Increasing Our Presence
Enrollment at WKU regional campuses in Glasgow, Owensboro, and Elizabethtown/Radcliff/Fort Knox has nearly doubled since 2001, increasing from 2,822 students to well over 5,000 in 2011. At the same time, the number of courses, programs, and student services offered have also increased dramatically. Although the majority of courses are taught face-to-face, distance learning has increased significantly and now accounts for 32 percent of regional campus course enrollments.
Partnerships with seven community and technical colleges have made transferring credits to WKU a seamless process. These joint admissions agreements with Bowling Green Technical College, Elizabethtown Community and Technical College, Henderson Community College, Hopkinsville Community College, Madisonville Community College, Owensboro Community and Technical College, and Somerset Community College allow students to be jointly admitted to a KCTCS school and WKU, providing a seamless path to a fouryear degree. Nearly 1,000 students have been admitted into the joint admissions programs since the first ones began in 2009.
Serving a 10-county area, WKU-Glasgow is the largest of the three regional campuses, accounting for more than half of regional campus enrollments. The Glasgow campus was established in 1988 after a major community effort that included fundraising and even hands-on work to prepare classrooms for students at the original Liberty Street location. In 2001 the campus moved to its current location at 500 Hilltopper Way. More than 4,900 full-time and parttime students have on-site access to academic advising, career services, counseling and testing, financial aid, and library services. WKU-Glasgow is unique in that it is the only WKU regional campus to offer four-year degrees. WKU-Glasgow is gearing up for its 25-year anniversary celebration in early 2013.
Beginning with only 82 students in 1969, the WKU-Owensboro campus has been educating students for more than 40 years. Prior to 2010, classes were held at various locations in Owensboro throughout the years. Thanks to the Daviess County fiscal court, WKU-O now has its own state-of- the-art facility that was dedicated in April 2010. The new building is home to academic classrooms, an electronic library, administrative offices, and a conference center used for both WKU-O and community events. Students have the convenience of purchasing class materials and apparel at the on-site WKU Store. WKU-O continues to grow student enrollment and program offerings at the undergraduate and graduate levels. There are more than 40 part-time and full-time faculty teaching more than 200 upper division classes at WKU-O each year.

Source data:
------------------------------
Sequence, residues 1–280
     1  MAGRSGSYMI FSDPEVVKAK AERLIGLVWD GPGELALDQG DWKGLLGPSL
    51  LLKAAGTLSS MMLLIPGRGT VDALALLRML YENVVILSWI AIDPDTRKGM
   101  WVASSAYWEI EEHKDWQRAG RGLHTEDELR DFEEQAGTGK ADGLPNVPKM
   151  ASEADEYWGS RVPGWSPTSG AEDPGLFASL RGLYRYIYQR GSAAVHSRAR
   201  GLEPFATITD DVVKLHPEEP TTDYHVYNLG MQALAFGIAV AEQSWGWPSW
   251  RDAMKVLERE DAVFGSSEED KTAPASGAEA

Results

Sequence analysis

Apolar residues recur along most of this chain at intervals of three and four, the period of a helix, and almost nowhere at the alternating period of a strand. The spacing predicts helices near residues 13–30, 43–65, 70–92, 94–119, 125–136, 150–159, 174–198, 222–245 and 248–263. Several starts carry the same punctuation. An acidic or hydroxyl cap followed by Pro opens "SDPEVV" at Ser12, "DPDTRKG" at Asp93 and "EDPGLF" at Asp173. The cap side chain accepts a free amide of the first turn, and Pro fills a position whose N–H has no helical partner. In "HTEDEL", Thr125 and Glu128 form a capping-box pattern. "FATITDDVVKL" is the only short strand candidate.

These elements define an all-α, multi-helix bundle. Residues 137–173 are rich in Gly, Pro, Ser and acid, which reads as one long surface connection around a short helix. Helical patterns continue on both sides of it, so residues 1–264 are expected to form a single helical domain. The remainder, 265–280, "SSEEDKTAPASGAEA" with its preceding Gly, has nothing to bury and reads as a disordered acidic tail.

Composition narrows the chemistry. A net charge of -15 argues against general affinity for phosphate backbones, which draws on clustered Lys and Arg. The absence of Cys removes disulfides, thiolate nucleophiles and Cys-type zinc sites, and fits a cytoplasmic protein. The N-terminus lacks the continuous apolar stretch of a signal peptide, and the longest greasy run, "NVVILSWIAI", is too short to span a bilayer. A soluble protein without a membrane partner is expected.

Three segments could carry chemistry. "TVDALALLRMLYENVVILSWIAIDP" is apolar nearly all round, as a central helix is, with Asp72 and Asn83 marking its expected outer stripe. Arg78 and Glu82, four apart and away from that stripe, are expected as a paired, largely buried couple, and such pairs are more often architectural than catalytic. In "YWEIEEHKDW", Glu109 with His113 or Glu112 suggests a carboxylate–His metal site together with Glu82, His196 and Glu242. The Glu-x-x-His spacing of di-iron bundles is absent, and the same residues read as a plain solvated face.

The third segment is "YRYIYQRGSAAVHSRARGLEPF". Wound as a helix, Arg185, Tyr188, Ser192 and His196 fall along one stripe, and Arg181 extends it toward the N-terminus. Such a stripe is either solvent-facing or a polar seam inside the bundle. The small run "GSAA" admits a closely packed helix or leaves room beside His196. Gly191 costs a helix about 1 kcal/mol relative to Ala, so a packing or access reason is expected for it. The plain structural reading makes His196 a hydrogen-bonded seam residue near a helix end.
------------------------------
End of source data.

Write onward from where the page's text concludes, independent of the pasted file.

WKU-Elizabethtown/Radcliff/ Fort Knox
WKU began offering graduate classes for teachers and school administrators in Hardin County in 1964. Extended campus classes at Fort Knox began in 1973. WKU established an administrative office at Elizabethtown Community College in 1987, and in 1991 the Elizabethtown program was granted “Center” status by the Kentucky Council on Postsecondary Education. The Radcliff Regional Education and Development Center opened in 2008,primarily due to growth at Fort Knox. In total, the Elizabethtown Center now enrolls more than 1,300 full-time and part-time students at the three Hardin County locations.
WKU was selected as a charter college in the GoArmyEd system to provide programs and classes for Soldiers. The Fort Knox program is coordinated with the Army Continuing Education System and meets military standards in addition to University, site, and accreditation standards. Because of the strong relationship with the United States Army, WKU was ranked in the top 20 in the nation as a “Best for Vets College” by Military Times Edge Magazine and has been designated as a Military Friendly School every year since 2009 by G.I. Jobs Magazine.
While graduates from these three campuses are encouraged to attend commencement ceremonies in Bowling Green, all three regional campuses now hold local commencement celebrations for their students.